RI Dept of Education Transgender Guidelines Continue Disturbing Trend of Government by Political Correctness


[The RI Department of Education has announced “comprehensive guidelines” with regard to transgender students, though the ProJo reports that it is not a mandate. The RI Center for Freedom & Prosperity this morning issued the following statement.]

While professing to protect students from bullying and to respect all students, the RI Department of Education (RIDE), via its June 2016 Guidance Document on Transgender Students, itself appears to have been bullied by the federal government; seeks to bully local school districts into conformity; and openly flaunts its disrespect of of other students.

In perpetuating a disturbing trend of ‘government by political correctness’, RIDE has succumbed to federal pressure and has adopted a one-size-fits-all position that may not be compatible with the morals held by many public school families. There may never be a more obvious reason to empower parents with additional choices to escape an increasingly politicized government school system that does not respect their personal values.

The repeated emphasis in the document on laws dealing with “discrimination” can only be seen as a heavy-handed threat to local school districts, who may choose not to conform, by elitist bureaucrats who believe they know what’s in our family’s best interests.

The open and blatant disrespect (page-9, paragraph-2) for the comfort level of the majority of students, in favor of the comfort of a tiny minority of students, along with the disdain for the rights of parents and the sanctity of the family (page-7, paragraph-2), is particularly alarming.

The Center maintains that no single statewide or federal dictate can possibly satisfy the varying sentiments among Rhode Island’s diverse array of local communities.

Related: Video commentary by CEO Mike Stenhouse on The Ocean State Current following release of federal “guidance” document in May of 2016.

  • Russ

    So the Center would support schools that segregated bathrooms according to race so long as the majority were uncomfortable and those affected were a tiny minority of students? How about banning teachers in same sex relationships? OK, so long as it can be demonstrated to be an affront to “personal values” of the local community? Perhaps we ban unmarried women from teaching as well, right?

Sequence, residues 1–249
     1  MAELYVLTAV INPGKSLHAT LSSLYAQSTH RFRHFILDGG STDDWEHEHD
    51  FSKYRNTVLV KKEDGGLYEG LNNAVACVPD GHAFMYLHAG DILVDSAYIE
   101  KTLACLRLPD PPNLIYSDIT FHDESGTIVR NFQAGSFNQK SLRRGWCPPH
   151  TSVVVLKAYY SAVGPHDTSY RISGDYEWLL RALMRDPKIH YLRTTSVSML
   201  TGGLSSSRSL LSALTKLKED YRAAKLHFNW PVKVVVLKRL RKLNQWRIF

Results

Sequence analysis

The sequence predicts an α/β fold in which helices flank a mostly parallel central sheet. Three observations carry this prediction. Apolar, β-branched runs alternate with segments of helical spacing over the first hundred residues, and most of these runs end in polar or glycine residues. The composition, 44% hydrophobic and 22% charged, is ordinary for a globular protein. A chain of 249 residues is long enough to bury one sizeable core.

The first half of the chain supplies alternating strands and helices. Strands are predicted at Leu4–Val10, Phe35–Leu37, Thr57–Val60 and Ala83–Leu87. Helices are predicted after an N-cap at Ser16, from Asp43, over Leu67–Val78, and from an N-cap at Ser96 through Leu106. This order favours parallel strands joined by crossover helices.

• OceanStateCurrent

      The layers of poor thinking, bent into a malicious weapon, that you display when you comment really do give evidence of why our country’s in the state it’s in.

      * Rules for what can be done in a school building =/= banning unmarried women categorically from teaching or banning teachers in same-sex relationships
      * Assigning bathrooms based on the organs by which people relieve themselves (which, you might have learned somewhere or other, happen to be closely associated with the organs by which men and women have sex and create babies) =/= segregating bathrooms by skin color

      But the biggest leap that you make — a political scam and bullying tactic, actually — is to admit no difference between saying that the federal government shouldn’t be dictating local schools’ bathroom policies and saying that all schools should have the opposite policy of the federal government. Such rhetorical gimmicks are indicative of the totalitarian, nearly theocratic, mindset of progressives.

      If I were similarly inclined, I’d pose questions related to conservative positions (having to do, particularly, with Christianity and 2nd amendment rights), but doing so would not only validate your illogic but also assume you’re arguing in good faith, which you’ve proven again and again you never do, at least in this space.

      • Russ

        Well, as expected… personal sleights and accusations that I don’t “argue in good faith” whatever that means.

        The rest shows the lengths groups like RIC”F”P will go to justify suppressing minority rights. So does the state or federal government play a roll in protecting minority rights or not? I think Stenhouse makes it pretty clear that he feels the majority can do as it likes, so long as the minority in question makes them uncomfortable.

        “The repeated emphasis in the document on laws dealing with ‘discrimination’ can only be seen as a heavy-handed threat to local school districts, who may choose not to conform, by elitist bureaucrats who believe they know what’s in our family’s best interests.”

        Let’s try it this way, could a local school district ban openly homosexual students from using bathrooms or locker rooms corresponding to their biological sex if it made straight students and parents uncomfortable? I suspect many students are initially uncomfortable changing in front of a gay student. Perhaps we need 3 locker rooms… separate but equal. That’s freedom, right?

        • Russ

          er, slights

      • Mike678

        Spot on. Sometimes he tries, but most of it is just trolling.